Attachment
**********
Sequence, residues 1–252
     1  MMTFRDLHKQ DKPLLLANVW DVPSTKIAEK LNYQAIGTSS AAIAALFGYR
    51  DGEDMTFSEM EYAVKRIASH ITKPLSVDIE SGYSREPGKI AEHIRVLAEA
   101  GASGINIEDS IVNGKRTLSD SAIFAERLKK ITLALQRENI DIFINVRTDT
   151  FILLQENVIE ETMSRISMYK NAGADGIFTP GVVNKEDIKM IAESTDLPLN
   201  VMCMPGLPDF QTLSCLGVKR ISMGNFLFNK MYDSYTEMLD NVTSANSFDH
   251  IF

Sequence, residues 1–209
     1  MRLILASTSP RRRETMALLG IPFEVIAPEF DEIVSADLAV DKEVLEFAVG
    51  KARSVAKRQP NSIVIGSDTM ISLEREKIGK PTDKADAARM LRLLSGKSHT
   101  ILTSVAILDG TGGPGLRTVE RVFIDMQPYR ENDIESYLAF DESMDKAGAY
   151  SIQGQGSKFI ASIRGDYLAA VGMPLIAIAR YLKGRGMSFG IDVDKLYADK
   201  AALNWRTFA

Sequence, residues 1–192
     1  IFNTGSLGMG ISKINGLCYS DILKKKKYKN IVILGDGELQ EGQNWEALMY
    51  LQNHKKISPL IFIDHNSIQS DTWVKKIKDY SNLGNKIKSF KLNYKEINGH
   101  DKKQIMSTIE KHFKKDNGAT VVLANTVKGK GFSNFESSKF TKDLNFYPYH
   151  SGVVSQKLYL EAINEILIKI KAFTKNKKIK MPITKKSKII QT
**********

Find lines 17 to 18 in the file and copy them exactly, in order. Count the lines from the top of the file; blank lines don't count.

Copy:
   101  DKKQIMSTIE KHFKKDNGAT VVLANTVKGK GFSNFESSKF TKDLNFYPYH
   151  SGVVSQKLYL EAINEILIKI KAFTKNKKIK MPITKKSKII QT